Business ideas have been nurtured and hatched in the Oconee Business Center in downtown Walhalla for more than five years. The unassuming “brown building,” as the locals call it, houses office space and open bay and garage-type space for startup businesses.
“The county’s goal was to create jobs, which we’ve done. Our job was to create solid businesses that could stand on their own, and we’ve been doing that,” said Oconee Business Center Director Terry McKenney, adding that about 40 jobs have been created from the businesses that have found success at the incubator.
“This is kind of a unique place because of the collaboration between the Tri-County Entrepreneurial Development Corp. and Score,” McKenney said of the center’s operation. “This may be the only place like it in the country where Score personnel actually run the place, but it’s funded by the county.”
Score is an organization of 15,000 members and is the mentoring arm of the U.S. Small Business Administration. The Piedmont chapter of the organization works with the Oconee Business Center. He said Oconee County pays the utilities and there is a no-cost lease which contribute to lower costs for the center. The center is staffed with volunteers, which also keeps expenses low.
“It’s ideally suited for startups. A lot of startups are done at home. It’s hard to work at home; there are a lot of distractions, so they come here.” McKenney said.
Fifteen businesses have come through the Oconee Business Center, including the seven there now: Upstate Rope LLC, Front Gate Landscapes LLC, Jo Houston Real Estate, Moresun Designs, Red Barn Marketing and licensed professional counselor Colleen Goff.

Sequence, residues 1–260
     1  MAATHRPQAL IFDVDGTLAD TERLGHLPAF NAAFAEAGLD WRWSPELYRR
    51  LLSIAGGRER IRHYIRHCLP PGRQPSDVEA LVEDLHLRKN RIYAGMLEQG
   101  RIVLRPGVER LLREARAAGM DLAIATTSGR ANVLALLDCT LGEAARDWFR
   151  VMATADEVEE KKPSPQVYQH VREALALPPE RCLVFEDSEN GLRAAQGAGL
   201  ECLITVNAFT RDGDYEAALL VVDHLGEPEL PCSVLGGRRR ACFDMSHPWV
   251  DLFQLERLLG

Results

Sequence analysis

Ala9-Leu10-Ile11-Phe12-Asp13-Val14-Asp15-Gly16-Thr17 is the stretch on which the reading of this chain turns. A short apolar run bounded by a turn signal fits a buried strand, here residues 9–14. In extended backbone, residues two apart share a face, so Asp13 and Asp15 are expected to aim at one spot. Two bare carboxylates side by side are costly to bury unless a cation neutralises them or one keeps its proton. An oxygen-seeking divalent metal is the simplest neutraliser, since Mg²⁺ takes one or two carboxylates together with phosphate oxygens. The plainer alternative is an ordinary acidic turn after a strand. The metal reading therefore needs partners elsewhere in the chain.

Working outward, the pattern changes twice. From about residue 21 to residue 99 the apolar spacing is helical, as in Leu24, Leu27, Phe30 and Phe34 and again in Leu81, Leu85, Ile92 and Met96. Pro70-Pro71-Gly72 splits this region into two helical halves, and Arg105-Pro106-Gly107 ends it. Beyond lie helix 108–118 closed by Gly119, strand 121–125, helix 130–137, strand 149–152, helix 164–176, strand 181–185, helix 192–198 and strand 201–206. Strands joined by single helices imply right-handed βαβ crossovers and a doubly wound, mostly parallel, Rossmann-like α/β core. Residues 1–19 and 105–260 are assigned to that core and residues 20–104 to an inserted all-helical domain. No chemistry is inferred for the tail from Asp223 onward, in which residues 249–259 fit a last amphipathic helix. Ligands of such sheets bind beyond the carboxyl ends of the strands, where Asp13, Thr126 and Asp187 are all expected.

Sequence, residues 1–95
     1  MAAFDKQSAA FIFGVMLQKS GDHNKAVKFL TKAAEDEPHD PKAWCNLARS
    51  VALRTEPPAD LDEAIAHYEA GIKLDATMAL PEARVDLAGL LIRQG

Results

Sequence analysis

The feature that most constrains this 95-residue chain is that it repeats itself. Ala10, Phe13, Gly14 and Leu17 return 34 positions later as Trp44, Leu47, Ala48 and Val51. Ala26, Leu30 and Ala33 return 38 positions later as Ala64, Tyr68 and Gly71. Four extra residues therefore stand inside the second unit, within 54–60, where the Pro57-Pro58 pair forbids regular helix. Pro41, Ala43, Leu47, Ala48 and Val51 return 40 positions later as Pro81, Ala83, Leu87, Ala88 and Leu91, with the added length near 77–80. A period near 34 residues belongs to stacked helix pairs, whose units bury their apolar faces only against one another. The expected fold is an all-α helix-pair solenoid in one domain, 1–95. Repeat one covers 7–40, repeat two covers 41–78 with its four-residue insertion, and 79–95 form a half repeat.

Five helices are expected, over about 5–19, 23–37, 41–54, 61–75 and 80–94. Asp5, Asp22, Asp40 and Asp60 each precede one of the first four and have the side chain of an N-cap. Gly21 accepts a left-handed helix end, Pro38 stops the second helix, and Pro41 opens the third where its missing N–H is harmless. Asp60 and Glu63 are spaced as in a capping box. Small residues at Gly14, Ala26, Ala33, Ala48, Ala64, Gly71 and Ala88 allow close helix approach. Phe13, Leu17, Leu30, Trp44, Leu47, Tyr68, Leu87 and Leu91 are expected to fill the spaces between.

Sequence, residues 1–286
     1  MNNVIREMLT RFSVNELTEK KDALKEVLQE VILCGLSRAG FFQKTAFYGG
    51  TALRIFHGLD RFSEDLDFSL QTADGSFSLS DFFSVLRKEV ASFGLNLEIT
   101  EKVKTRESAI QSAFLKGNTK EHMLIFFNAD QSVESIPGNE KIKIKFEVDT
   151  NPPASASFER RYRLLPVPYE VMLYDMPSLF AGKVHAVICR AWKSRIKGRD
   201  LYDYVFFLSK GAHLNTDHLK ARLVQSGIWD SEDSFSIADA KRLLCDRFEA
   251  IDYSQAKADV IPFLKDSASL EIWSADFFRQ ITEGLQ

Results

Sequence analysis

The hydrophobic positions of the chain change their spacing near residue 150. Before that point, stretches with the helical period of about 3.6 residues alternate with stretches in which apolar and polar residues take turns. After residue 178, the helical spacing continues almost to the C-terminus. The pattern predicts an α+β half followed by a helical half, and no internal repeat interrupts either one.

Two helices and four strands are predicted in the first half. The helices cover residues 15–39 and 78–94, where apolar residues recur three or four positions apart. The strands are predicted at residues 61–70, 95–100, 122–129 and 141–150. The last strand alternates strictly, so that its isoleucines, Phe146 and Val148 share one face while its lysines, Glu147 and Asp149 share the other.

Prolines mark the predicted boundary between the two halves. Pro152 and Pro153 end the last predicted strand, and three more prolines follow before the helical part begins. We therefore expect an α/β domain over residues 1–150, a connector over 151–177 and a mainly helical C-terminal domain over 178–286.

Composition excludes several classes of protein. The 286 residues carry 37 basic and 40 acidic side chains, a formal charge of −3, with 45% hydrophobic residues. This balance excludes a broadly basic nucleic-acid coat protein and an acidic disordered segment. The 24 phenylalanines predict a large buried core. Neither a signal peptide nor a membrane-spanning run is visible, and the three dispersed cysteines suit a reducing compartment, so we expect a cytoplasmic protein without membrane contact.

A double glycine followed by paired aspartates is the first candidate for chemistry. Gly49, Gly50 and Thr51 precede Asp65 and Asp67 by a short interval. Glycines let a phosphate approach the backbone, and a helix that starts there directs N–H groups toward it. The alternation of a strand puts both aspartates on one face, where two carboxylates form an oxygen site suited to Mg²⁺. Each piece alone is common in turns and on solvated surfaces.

Goff came to the incubator in 2014 and is preparing to move out to her own location. Her counseling service has grown to 95 clients since she came to the incubator wanting to start her own business.
“I worked with the Department of Mental Health for a long time and decided I wanted to go out on my own,” Goff said. “I took a small-business course, met Terry, and he hooked me up with everything I needed to know.”
Goff was able to build her client base while operating out of an office at the incubator. “Starting out was rather more expensive than I expected, so being here helped out a lot,” she said.
McKenney said the main requirement to being a client of the center is that the business is a startup but “we will take people who are coming in from another area that want to open an office or have a presence in Oconee County.” He said there needs to be a business plan, or the beginning of one, but Score opened The Business Plan Center in April to provide education and hands-on learning in developing a business plan.
The Plan Center is open to anyone, not just incubator tenants, and clients have access to Live Plan business planning software at no cost. At the end of the process, they will have a professional-looking business plan, according to McKenney.
“The critical part of a small business is the first year and then maybe up to three years,” McKenney said, which is why the center has a time limit of three years for each startup. There is some flexibility however on a per case basis if a business needs more time.
“We possibly will let you stay for another one or two years, up to five. Five years is the limit,” he said. “We want to be able to turn the space over and let someone else use it.”
Space at the Oconee Business Center is available on an escalating rental rate scale. For new tenants signing a one-year lease, the first three months will be free of charge, the next six months will be at half price and the remaining three months will be at the full base rate. Pricing per month varies based on the size needed by client.
The Oconee Business Center is part of the economic development efforts of the Oconee Economic Alliance. It is designed to nurture a startup business during the critical first three years of existence. The center provides low-cost office or warehouse and light-manufacturing space, business mentoring and utilities, including internet.